On yet another level, and taking into account the characters involved, Izumi, Ed and Al can be seen as nailing down the runaway, destructive cycle that the Sins embody and act out. The appearance of the crucified serpent in the array Dante used to contain and bind the Homunculi certainly suggest this.
On a somewhat disturbing level, the positioning of these symbols can also be read as an indication that the Homunculi are a perfected state, marked with the perfection-in-motion while they are active and bound by the perfection-fixed. This reading suggests that the presence of a soul creates imperfection, and that it is out of this imperfection that alchemy is possible.
All symbols in alchemy are very fluid, and all of them have multiple meanings, few moreso than colors. One thing we can say, however, based on a study of colored alchemical images
, is that blue and red are often used as opposites.
The most common blue, in the show, is military uniforms, and since Ed's trademark is his red coat, and I can't help wondering if that was entirely on purpose.
More interesting still, the illustrations seem to use blue and white as interchangeable. Humberg
mentions that white is associated with the feminine and red with the masculine (or passive and active). On the other hand, "the crow's beak blue as lead" rather indicates blue is a variety of black, the crow being symbolic of Blackening or the first stage of transmutation. We could, in good alchemical tradition, combine both interpretations and thereby take the blue of the military uniforms as feminine/passive in the sense of being bound to carry out another's will, and also black in the sense of destroyed/destructive and taking the nature of death.
If the uniforms were a deliberate, symbolic choice, it adds a layer to the fact that Mustang and Hawkeye are in civilian clothes when they go to destroy Bradley. They have cast off passivity in both practical and esoteric symbol sets.
The color combination of black-white-red is also employed in Ed's clothes. Those are, in fact, the only colors he wears, and the balance of them seems significant. Black, the color of destruction, and red, the color of perfection, are both strongly represented. White, on the other hand, the representative of recombination, of harmony, is only barely present. The ensemble suits Ed's tendency to extremes, and also suggests that he may be missing a step to actually get where he wants to go.
Tidbits of Interest
Just some other things that caught my attention.
Humberg gives the three stages of alchemy as destroyed, recombined, perfected. This seems to be fairly standard.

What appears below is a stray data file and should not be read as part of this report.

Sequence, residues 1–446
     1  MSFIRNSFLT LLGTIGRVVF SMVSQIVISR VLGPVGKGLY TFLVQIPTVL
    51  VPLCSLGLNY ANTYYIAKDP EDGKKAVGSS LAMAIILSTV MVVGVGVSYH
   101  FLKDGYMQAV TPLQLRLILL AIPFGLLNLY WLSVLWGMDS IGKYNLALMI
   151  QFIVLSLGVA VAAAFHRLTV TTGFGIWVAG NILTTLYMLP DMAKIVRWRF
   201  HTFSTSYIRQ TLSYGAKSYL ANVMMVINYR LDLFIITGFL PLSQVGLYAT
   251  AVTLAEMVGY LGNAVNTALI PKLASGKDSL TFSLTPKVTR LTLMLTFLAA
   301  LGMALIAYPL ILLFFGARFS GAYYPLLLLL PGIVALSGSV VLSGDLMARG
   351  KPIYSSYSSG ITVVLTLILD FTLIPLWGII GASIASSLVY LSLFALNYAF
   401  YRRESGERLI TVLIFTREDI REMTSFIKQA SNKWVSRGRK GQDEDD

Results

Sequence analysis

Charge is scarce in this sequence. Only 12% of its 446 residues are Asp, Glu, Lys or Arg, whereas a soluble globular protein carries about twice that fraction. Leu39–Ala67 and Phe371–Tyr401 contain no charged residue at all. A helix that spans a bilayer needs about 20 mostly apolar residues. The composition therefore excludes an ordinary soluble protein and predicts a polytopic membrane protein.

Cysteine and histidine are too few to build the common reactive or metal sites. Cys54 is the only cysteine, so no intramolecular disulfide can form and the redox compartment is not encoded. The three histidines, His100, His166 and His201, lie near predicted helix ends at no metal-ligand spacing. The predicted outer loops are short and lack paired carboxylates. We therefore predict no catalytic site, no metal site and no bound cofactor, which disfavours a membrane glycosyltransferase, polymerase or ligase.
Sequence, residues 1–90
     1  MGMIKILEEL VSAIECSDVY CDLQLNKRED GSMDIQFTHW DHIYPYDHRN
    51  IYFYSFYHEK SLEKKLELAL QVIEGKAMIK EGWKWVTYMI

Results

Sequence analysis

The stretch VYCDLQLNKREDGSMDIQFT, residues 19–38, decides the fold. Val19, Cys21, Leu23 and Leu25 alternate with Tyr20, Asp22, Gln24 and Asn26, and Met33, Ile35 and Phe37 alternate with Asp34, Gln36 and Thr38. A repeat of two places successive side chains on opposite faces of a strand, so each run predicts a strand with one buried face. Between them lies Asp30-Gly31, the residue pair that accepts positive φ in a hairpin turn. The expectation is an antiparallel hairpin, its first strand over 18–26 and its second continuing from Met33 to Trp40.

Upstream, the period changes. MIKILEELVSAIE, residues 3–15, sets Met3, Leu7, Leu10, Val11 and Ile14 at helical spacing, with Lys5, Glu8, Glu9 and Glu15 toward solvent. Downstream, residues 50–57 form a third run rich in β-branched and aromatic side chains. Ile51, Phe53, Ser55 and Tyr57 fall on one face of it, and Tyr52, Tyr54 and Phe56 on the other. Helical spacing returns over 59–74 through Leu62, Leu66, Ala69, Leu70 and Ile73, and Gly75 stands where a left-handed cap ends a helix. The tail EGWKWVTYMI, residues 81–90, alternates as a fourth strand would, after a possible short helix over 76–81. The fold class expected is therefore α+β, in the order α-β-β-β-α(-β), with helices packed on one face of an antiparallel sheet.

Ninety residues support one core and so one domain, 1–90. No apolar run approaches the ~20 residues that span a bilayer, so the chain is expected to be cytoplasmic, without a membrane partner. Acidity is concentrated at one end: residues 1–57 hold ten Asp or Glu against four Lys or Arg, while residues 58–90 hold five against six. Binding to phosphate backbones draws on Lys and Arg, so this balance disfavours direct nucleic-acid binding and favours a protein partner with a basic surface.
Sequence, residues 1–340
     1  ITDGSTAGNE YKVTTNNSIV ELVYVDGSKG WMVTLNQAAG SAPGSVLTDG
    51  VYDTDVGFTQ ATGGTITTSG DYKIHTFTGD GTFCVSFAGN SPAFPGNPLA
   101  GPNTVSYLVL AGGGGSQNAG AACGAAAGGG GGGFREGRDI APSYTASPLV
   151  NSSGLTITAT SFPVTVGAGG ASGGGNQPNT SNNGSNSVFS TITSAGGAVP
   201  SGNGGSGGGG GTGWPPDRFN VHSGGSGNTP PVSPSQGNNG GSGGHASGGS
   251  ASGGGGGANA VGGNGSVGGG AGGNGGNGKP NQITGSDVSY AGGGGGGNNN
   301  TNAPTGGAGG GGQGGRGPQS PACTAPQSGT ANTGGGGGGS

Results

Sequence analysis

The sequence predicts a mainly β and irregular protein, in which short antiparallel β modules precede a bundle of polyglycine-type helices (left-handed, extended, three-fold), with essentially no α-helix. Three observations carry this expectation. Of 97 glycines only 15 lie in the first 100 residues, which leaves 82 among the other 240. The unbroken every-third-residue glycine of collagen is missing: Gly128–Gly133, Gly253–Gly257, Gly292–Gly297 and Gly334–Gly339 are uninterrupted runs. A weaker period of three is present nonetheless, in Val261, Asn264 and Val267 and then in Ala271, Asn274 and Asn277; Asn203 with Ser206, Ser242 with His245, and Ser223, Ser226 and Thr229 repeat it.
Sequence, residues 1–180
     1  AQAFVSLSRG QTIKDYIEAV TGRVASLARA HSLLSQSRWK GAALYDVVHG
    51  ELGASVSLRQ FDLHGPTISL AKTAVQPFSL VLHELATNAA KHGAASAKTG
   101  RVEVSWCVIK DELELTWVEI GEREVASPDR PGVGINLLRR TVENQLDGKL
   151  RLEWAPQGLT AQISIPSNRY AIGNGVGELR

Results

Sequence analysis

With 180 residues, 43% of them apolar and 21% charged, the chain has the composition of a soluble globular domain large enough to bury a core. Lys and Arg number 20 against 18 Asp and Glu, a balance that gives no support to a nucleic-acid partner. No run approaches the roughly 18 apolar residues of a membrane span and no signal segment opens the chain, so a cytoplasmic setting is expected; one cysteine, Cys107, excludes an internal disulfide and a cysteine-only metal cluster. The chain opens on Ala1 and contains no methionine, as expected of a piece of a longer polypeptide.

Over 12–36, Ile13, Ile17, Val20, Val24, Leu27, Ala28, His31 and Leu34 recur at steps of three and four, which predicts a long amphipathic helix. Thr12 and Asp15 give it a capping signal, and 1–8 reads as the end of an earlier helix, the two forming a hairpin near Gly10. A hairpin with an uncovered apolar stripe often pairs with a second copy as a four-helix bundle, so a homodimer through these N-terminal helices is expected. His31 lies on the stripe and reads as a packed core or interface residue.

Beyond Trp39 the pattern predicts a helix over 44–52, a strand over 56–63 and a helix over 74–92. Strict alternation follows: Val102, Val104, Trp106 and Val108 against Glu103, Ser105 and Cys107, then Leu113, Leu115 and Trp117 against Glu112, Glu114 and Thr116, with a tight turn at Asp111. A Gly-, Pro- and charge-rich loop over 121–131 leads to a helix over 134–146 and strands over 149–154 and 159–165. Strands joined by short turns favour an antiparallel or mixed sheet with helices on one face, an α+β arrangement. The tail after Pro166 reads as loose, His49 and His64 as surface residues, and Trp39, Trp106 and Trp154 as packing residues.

No one in FMA uses those stages, though. The stages Armstrong quotes to Scar are understand, destroy, recombine, which seems to leave out the stage of perfection altogether. If perfection is synonymous with the Stone, and the Stone, in the FMA-verse, is simply a shortcut, a condensation of lives that the alchemist may draw on to circumvent having to pay with his/her own, then this may be understandable.
Izumi, on the other hand, uses accept, understand, create (ep 27). Izumi's version offers a hint that the ability to create is the distinguishing factor of human life/existence, particularly in light of how her philosophy seems to derive from her experience of having and losing a child. It is by her that we are reminded that the Elrics watched Elysia being born, and she seems to feel this is significant to their development.
This also suggests why Izumi refers to the total perception of space/time/matter/energy within the Gate as "a conjuror's trick": because to use that perception to alter what the world is, alchemically, is to deny the first step of her alchemy, acceptance. Ed it not wrong, really, when he says it's the Truth; but it's an instrumental truth, a mechanical truth. Truth, and total perception, are not wisdom. Izumi seeks wisdom: action and instrumentality of will that are in accord with the shape of what she has perceived, not seeking to alter that shape overall.
The text on the paper Roy hands Ed at the end of episode Eight, after the whole "name of Full Metal Alchemist" sentence, is taken from the end of Ripley's Recapitulation of the Twelve Gates
, as egregiously allegorical an alchemical text as you're likely to find. It's a fun read, really.
Both Izumi and Scar's older brother pay for their attempts at resurrection with the body parts most proximal to the one being called back: Izumi's uterus and nearby organs, Scar's brother's genitals.
The image on the Gate, an eye surrounded by a glory, is the Eye of Providence. Often used to indicate the beneficial oversight of God, it is also associated with the circled dot, which is sometimes a symbol of gold and sometimes a symbol for the sephirot Keter. More on this in the Gate
The parts of humans identified by FMA, especially in the context of alchemy, are inochi
(will or mind or spirit) and nikutai
(body). The part that allows alchemy to be done, the part the Sins are missing, according to Lust, is tamashii
. The energy source of alchemy, as identified by Hohenheim, is inochi
1. For an example of just how many ways the concept of ouroboros can be taken and applied, see this conversation thread
2. For the reference on Martinism, look a bit over halfway down this thread
. You may find it easiest to run a Find on "seal of solomon"; the second instance is the one you want.
My best source for things alchemical is The Alchemy Website
. This site offers primary sources in abundance, both text and pictures, and their archives contain a great deal of useful conversation between modern, practicing alchemists. The site is not very systematically arranged, quite in the alchemical tradition, but it is searchable.
If primary sources are too time-consuming for you, the Alchemy Dictionary
can usually give you a decent thumbnail sketch. Keep in mind, however, that these entries are necessarily abbreviated and, by that token, not entirely accurate.